If you want to build a richer user interface with Sitefinity .NET Core Renderer, you can do this by adding client-side functionality.
Sitefinity GitHub repository provides samples for working with:
This sample demonstrates how to use your own Blazor components and how to integrate them with Sitefinity .NET Core Renderer.
It wraps the Blazor component into a view component that can be shown in the WYSIWYG editor as a widget.
This sample demonstrate how to use Sitefinity .NET Core Renderer with React framework.
React visualizes and binds the data fetched by the Renderer application, while the Renderer generates the widget designers and fetches the data from Sitefinity CMS.
This sample demonstrate how to use Sitefinity .NET Core Renderer with Angular framework.
Angular visualizes and binds the data fetched by the Renderer application, while the Renderer generates the widget designers and fetches the data from Sitefinity CMS.
Sitefinity .NET Core Renderer uses the Bootstrap CSS framework for providing rich and responsive layout. However, you can switch to a different CSS framework, such as Tailwind.
Sitefinity GitHub repository provides samples for customizing Bootstrap or replacing it with different CSS framework:
Reference scripts and styles in the Layout file
If you want to use your custom scripts and styles across all the pages in your site, it is recommended to place them in a single layout file, so that they are easily manageable.
For example, if the layout file that your pages are based on is named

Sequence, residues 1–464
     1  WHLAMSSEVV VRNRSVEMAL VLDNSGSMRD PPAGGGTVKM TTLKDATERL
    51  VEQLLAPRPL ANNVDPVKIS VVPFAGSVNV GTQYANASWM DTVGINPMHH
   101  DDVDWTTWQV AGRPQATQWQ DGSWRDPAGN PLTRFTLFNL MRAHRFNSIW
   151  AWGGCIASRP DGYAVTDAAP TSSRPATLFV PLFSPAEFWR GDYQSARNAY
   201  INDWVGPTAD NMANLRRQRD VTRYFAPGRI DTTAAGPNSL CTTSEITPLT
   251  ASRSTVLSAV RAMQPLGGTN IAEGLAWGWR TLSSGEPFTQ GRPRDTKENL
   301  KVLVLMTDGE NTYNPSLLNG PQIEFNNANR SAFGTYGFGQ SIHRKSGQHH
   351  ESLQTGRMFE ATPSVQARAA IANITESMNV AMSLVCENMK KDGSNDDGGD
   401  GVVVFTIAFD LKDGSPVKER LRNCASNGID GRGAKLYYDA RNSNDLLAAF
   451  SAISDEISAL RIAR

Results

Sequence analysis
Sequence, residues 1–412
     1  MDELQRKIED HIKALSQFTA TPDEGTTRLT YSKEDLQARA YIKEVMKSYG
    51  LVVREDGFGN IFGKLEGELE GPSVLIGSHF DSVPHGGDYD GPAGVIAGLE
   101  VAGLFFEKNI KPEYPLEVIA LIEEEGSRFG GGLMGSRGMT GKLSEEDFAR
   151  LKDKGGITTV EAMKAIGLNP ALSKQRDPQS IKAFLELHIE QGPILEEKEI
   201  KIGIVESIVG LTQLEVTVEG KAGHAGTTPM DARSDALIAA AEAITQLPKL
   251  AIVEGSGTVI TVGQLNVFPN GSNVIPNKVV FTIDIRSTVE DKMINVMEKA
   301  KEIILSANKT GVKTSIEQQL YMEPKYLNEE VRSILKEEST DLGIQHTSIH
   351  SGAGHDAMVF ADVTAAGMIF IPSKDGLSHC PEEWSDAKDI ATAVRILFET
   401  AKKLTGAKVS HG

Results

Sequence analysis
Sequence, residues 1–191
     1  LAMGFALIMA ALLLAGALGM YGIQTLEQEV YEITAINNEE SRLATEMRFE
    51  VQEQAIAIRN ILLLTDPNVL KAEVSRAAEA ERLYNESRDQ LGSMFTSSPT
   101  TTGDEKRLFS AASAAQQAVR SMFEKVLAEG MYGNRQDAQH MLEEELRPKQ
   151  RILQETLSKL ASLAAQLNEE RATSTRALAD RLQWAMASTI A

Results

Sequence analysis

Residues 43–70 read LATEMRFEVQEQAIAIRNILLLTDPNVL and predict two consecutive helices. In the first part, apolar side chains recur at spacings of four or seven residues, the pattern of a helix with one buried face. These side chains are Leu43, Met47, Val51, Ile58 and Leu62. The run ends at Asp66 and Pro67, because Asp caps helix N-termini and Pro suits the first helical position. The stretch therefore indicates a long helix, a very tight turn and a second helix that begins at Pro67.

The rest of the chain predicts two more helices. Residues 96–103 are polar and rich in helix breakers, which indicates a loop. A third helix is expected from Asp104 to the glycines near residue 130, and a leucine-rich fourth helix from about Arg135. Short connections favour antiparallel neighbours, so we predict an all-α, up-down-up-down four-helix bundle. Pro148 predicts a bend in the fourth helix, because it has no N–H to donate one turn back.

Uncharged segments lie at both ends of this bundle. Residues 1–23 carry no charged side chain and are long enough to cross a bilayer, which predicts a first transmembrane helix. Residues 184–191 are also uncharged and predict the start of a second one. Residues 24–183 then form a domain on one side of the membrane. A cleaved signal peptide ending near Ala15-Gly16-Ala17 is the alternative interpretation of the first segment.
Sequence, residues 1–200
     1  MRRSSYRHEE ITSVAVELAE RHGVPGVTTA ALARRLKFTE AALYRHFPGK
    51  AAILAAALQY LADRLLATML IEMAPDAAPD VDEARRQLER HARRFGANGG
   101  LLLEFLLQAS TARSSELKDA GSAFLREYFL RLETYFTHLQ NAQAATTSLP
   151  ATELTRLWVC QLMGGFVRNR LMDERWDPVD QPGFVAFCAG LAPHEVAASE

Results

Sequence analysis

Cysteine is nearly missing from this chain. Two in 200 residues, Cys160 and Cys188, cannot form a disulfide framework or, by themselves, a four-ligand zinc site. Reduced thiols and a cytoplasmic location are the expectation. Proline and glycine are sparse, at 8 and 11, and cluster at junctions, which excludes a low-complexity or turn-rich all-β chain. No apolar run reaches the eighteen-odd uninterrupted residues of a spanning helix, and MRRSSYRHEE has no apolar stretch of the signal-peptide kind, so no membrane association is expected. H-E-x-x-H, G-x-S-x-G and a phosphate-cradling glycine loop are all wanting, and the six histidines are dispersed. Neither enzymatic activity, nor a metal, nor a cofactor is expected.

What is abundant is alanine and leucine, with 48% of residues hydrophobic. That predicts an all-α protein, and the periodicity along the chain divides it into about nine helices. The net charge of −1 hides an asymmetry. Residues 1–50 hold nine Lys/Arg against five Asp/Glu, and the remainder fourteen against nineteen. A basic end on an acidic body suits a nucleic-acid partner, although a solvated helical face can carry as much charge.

RootLayout.chtml, inside it you can reference a script in the following way:
EXAMPLE: If the layout file that your pages are based on is named
_Layout.chtml, inside it, you can reference scripts and styles as demonstrated in Sitefinity GitHub repository » React sample » ReactIndexLayout.cshtml.
Reference scripts on a specific page
If you want to include scripts or other resources on specific pages, you can filter the required pages in your layout file.
For example, you can filter by page name or custom fields.
This is useful if, for example, you want to include performance tracking scripts only on specific pages of your site.
EXAMPLE: To learn how to filter by page name, see SitefinityTemplate.cshtml.
Reference scripts and styles in the widget template
An alternative to reference these files is to reference them in the widget template.
For example, if your widget is named
MyWidget, you can reference a script in its
Default.cshtml file in the following way:
NOTE: If you do not add the
TagHelper attribute to the widget template, the
section-name attribute will not work.
You can control whether the scripts are placed on the top or at the bottom of the body file by using the attribute
“section-name”. For example, the
section-name=”Top” attribute instructs the Renderer to include your file either at the start of the
body tag or, in this case,
section-name=”Bottom”, before the closing
body tag. For this attribute to work, you must include the tag helper references in your
_ Layout.cshtml file.
EXAMPLE: You can see an example of how to reference files in the widget template on Sitefinity GitHub repository » Captcha sample » Default.cshtml.
Where to place the scripts
You have the following options:
In the root folder
If you are building a standalone website, you can place the scripts in the standard
wwwroot folder and you can reference them from there, as you would do in any standard .NET Core application.
For more information, see Microsoft documentation for Static files in ASP.NET Core.
As embedded resource
If you are building a widget as a class library that must be self-contained in a single assembly, you must place these client-side resources in the assembly, as embedded resources.
Place the scripts in a separate folder in your project, called
Reference the script files in the
For example, add the following:
: Following is an example of the
script reference in the
The reference is using the
section-name attribute, but it also includes the
assembly-ref attribute, which points to the name of the assembly, where this file is placed as an embedded resource.